By Frank Wessling
When we think of morality, or a moral life, it’s usually personal behavior that comes to mind. A moral person tells the truth, does not steal what belongs to someone else, doesn’t purposely hurt others, and generally contributes to harmony in life rather than confusion and conflict.
These are stones in the foundation of a good human life. They are understood everywhere as the basis of good relationships and written in codes of conduct from Moses to Confucius.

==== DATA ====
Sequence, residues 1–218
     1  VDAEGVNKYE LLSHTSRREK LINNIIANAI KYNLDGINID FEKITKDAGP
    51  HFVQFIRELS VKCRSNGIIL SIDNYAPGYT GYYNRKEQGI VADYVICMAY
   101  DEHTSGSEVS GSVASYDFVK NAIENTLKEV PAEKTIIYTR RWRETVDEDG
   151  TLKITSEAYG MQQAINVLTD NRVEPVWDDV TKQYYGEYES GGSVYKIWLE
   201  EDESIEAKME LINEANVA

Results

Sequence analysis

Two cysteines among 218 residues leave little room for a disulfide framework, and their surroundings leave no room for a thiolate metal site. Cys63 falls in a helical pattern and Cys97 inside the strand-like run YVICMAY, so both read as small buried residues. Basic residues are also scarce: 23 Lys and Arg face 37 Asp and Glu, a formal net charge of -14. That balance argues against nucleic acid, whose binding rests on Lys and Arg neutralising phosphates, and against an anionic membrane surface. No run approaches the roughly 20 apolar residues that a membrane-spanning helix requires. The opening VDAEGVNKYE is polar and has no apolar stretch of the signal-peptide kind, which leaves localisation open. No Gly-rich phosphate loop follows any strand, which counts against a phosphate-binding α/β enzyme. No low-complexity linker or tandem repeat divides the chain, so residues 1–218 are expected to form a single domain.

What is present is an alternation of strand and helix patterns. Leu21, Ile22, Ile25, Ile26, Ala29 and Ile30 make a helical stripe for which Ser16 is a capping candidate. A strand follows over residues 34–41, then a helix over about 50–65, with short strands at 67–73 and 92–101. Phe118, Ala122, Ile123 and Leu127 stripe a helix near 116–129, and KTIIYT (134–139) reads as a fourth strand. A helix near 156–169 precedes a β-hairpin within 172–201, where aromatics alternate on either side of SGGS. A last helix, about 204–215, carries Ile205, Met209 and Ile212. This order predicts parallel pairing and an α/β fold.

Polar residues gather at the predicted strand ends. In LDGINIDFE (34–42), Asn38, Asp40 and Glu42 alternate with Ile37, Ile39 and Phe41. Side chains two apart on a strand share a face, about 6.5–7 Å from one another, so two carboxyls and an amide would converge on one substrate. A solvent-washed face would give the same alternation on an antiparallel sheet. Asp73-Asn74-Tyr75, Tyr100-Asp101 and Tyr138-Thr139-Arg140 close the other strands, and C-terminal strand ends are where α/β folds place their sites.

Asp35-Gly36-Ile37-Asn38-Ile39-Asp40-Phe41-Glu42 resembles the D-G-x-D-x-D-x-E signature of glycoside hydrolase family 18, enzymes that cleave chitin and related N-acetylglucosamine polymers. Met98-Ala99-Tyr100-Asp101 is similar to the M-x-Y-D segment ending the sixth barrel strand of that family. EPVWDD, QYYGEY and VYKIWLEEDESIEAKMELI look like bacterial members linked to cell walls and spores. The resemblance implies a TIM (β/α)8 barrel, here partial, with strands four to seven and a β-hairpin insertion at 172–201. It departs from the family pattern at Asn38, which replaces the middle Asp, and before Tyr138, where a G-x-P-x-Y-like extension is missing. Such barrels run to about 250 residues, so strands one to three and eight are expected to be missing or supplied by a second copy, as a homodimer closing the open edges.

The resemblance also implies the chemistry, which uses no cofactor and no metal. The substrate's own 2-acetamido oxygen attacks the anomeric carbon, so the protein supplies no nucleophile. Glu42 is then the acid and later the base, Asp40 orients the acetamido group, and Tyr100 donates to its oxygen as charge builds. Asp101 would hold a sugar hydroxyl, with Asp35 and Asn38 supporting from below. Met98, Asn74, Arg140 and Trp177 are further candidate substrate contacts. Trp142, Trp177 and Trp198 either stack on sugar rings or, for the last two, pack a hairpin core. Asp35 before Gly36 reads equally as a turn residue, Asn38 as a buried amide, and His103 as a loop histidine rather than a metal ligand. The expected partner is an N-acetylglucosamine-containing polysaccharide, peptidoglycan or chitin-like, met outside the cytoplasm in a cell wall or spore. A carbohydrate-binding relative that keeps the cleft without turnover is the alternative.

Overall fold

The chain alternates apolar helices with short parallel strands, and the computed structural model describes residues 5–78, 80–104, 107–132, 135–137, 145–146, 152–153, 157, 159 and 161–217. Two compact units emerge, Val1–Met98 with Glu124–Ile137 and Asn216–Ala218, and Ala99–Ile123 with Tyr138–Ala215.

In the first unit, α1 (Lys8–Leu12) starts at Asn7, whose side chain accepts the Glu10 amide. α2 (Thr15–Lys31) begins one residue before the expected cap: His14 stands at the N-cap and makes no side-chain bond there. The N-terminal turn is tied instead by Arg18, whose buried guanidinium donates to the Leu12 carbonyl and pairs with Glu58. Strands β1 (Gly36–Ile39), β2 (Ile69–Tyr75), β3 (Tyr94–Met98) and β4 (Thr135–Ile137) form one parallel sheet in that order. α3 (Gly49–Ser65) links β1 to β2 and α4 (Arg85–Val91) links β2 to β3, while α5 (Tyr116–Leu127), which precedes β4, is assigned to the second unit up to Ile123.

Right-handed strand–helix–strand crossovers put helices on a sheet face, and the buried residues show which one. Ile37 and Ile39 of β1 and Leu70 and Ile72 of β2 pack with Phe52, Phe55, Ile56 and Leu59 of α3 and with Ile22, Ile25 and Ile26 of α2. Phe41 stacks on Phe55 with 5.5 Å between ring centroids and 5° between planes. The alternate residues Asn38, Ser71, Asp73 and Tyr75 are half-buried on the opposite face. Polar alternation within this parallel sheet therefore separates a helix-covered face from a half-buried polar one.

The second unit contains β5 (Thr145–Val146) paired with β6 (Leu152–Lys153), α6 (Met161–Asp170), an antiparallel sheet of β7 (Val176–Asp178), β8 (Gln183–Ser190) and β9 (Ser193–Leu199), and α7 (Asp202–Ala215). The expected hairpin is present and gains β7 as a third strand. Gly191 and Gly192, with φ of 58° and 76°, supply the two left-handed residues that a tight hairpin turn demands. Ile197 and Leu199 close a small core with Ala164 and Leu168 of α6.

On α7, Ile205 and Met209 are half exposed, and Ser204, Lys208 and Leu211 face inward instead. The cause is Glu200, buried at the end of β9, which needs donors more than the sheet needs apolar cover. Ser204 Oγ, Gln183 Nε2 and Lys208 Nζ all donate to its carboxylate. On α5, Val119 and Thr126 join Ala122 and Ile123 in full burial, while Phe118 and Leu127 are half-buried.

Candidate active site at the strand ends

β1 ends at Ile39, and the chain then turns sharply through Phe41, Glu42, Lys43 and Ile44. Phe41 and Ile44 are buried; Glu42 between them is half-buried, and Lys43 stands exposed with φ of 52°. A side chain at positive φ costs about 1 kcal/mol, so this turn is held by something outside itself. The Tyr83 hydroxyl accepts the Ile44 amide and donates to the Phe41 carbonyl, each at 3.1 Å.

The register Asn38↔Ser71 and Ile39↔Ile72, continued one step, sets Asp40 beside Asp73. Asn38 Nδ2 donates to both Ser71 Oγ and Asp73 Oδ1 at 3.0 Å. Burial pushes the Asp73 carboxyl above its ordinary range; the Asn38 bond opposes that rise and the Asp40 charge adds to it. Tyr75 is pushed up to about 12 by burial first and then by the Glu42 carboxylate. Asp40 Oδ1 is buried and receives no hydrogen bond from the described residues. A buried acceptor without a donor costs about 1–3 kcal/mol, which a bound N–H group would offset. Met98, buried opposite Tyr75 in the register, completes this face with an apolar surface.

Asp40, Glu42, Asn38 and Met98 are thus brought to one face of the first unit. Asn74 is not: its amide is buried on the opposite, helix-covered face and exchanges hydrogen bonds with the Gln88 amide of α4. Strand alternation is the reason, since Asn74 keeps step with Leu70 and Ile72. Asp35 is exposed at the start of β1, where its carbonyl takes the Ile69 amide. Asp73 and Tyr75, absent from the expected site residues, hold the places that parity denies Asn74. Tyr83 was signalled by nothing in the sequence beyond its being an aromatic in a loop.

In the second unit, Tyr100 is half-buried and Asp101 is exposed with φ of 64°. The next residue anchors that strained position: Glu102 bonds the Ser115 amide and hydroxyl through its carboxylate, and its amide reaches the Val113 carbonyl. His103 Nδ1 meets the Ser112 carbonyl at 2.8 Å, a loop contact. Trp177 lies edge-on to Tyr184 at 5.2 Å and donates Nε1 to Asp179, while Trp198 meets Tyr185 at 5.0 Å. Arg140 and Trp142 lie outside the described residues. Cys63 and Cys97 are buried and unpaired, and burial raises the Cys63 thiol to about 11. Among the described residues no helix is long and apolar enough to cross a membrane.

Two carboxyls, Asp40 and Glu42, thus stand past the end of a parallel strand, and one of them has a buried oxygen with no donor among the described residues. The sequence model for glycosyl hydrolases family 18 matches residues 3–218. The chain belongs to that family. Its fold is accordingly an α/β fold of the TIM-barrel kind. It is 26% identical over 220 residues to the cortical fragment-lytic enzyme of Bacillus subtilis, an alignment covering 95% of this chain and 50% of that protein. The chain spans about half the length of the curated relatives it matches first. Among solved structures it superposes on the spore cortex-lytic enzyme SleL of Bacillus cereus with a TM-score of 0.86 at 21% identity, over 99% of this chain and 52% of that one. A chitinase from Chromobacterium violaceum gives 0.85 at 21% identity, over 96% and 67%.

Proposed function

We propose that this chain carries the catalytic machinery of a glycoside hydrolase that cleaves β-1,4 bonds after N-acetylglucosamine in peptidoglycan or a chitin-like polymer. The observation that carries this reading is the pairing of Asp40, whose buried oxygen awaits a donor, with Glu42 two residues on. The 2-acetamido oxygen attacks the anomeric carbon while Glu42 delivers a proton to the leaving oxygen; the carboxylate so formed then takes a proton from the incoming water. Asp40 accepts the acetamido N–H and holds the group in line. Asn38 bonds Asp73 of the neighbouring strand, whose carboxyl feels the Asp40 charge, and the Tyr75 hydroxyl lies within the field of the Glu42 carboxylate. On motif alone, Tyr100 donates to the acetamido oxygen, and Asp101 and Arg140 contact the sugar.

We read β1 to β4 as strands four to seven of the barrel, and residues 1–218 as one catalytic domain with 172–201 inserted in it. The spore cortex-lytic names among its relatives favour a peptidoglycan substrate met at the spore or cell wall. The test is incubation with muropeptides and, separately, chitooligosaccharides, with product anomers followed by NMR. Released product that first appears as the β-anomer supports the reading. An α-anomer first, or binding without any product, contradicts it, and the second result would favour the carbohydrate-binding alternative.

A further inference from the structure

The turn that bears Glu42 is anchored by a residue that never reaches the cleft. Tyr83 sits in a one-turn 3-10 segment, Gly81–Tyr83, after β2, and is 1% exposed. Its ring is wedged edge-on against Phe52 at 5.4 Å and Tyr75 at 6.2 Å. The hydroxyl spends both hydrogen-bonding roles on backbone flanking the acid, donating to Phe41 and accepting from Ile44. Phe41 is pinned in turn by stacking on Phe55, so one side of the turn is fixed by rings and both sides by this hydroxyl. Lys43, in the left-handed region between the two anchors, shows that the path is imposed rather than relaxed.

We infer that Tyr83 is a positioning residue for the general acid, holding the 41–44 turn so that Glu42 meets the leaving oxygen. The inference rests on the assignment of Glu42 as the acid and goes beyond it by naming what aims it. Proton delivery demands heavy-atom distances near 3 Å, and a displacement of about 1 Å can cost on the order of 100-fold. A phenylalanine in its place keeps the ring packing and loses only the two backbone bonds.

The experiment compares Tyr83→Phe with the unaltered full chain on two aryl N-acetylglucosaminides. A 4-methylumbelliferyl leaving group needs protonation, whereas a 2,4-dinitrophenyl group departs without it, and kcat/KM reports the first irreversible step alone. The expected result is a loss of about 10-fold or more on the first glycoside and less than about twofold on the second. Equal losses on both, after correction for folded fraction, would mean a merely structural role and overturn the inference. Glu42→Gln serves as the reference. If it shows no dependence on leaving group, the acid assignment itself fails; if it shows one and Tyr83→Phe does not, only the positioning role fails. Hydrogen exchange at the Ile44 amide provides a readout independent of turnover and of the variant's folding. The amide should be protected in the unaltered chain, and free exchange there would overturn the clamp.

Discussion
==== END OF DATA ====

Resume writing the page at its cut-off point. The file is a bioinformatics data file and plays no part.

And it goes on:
But what about life beyond immediate personal behavior? Is anything more needed for a good community life? What are the virtues that make up a properly human, or moral, city and nation? The Catholic Church in its 2,000-year history has thought a lot about both forms of morality — personal and social, or communal.
To read the rest of this article, subscribe to The Catholic Messenger’s e-edition.